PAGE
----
Don’t be fooled into thinking that new clubs are always a better purchase than a used set—both have pros and cons. Used clubs are more affordable, but can have skill-impeding defects. New clubs are untarnished, but many are too expensive or advanced to be useful for the beginning golfer.

Here are a couple of things to consider when debating buying used versus new clubs:

  • Your cash flow. Don’t go beyond your means. A solid set of used clubs can do wonders for your game, and even if you can afford professional-level clubs, they won’t necessarily do you any good until you’ve reached a certain (far-off) level of expertise.
  • The condition of the used clubs. All used golf clubs will have normal wear and tear. There’s no need to worry over minor scratches and nicks on the club heads or worn grips. Minor dings won’t affect the ball flight, and grips can be quickly and affordably replaced at your local pro shop.However, there are common problems with used clubs that are red flags. If any of the used clubs make a rattling noise when you shake it, have maligned or loose club heads, broken shafts or extreme dents in the club head, you should avoid the entire set.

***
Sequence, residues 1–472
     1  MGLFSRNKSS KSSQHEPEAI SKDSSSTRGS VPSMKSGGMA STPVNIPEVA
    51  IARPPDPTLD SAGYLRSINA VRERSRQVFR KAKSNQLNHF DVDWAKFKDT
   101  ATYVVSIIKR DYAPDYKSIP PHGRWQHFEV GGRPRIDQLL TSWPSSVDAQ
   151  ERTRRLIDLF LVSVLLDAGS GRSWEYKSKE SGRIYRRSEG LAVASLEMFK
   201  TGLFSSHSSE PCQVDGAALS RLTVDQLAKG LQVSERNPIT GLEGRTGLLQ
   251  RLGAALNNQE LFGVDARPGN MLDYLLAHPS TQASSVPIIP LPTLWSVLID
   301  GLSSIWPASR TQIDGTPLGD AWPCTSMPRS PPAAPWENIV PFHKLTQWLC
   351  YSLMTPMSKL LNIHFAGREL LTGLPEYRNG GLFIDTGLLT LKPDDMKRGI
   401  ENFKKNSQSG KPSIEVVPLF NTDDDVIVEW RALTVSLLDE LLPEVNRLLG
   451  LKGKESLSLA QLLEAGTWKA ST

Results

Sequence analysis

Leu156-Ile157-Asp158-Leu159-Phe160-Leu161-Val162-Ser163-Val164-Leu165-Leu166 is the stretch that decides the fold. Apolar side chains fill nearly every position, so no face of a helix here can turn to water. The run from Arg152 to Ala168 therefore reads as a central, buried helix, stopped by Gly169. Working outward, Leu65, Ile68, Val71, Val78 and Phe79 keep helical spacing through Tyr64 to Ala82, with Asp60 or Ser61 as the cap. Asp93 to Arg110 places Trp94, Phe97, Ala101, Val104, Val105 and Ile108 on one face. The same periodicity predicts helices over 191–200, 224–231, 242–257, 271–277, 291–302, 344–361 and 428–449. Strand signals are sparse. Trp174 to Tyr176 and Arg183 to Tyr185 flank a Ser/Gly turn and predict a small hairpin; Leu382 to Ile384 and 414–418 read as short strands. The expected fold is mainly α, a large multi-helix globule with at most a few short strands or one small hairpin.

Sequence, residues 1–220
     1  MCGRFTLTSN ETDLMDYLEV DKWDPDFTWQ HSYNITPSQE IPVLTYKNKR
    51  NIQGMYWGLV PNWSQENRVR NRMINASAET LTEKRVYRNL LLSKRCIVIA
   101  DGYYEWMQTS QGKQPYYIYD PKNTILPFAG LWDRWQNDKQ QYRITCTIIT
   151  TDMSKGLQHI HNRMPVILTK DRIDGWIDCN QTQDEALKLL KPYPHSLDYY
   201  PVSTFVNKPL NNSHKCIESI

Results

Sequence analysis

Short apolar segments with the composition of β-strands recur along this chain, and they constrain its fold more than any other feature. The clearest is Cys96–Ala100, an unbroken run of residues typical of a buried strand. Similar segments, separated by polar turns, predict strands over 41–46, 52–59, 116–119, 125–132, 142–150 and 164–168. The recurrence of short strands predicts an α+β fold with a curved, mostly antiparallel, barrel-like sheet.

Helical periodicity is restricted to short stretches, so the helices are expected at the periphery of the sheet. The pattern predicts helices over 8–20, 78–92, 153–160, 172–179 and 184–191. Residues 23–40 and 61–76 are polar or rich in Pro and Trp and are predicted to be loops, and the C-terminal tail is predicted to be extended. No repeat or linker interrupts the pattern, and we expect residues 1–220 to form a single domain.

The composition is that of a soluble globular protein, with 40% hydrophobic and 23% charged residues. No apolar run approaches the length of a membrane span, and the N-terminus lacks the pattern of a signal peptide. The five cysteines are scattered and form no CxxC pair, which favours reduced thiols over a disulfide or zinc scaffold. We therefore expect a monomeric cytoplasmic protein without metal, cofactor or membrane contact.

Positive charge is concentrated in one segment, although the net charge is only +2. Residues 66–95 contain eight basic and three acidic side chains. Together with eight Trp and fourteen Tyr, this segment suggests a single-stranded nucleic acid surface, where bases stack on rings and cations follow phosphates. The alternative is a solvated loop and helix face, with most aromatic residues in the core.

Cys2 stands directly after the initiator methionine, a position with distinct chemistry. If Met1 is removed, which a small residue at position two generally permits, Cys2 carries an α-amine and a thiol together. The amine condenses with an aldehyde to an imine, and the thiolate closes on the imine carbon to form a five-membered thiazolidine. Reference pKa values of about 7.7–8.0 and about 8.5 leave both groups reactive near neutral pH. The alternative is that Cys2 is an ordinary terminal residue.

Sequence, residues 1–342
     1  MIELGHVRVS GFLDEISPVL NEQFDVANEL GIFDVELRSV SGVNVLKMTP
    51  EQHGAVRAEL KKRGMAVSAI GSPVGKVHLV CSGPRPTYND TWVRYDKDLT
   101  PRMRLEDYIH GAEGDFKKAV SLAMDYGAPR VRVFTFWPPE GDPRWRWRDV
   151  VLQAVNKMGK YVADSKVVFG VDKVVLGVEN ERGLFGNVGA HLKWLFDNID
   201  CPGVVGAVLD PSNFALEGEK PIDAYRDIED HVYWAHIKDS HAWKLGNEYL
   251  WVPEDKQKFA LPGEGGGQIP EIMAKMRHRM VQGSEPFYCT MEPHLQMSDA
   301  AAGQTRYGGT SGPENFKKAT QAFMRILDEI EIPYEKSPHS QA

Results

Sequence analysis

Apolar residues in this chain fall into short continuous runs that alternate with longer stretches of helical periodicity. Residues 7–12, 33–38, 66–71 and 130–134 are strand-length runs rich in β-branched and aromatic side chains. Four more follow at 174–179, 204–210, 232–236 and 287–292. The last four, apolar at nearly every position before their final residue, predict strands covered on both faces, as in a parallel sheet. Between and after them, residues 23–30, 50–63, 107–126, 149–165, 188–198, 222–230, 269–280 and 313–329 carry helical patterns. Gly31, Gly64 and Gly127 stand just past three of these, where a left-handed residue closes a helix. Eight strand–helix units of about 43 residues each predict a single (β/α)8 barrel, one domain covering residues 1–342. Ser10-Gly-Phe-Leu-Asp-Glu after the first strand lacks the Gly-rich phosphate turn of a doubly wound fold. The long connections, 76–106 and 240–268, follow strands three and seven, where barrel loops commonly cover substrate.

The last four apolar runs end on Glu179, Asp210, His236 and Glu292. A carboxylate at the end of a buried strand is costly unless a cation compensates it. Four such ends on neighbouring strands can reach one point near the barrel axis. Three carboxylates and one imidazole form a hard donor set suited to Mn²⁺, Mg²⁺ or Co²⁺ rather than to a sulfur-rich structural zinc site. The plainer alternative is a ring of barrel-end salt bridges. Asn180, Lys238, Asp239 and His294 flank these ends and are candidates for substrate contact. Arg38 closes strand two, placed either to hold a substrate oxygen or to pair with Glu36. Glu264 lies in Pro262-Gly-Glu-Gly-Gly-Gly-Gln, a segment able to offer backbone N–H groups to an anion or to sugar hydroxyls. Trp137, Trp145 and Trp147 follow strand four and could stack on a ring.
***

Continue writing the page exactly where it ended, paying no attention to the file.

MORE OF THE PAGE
Try ‘em Out

Regardless of whether you’re purchasing new or used clubs, you should always buy them in person. It’s important to be able to hold a golf club to make sure it feels and looks right for you.

If you’re buying new, you can usually take a demo out to the range or course for a practice session. If you’re a beginner, look for clubs that feel right and give you the confidence to start learning the game, not the magic set that perfects each shot.

If you’re buying used, you probably won’t be able to take the set without buying it, but make sure to check each club closely for any damage or serious flaws.

Keep Practicing

Chances are your first set of clubs won’t be your last. Remember that this first set is just for learning the basics of the game and for developing good swing habits—not as a tool to instantly play like Tiger. Your first set of clubs should last you for a good chunk of time (depending on the frequency of your golf outings), and during that year or two, your skills will improve tremendously.

Once you’re at a level where you’re ready for an upgrade, you’ll know enough about your specific game and individual needs to make the next search for clubs a bit less difficult.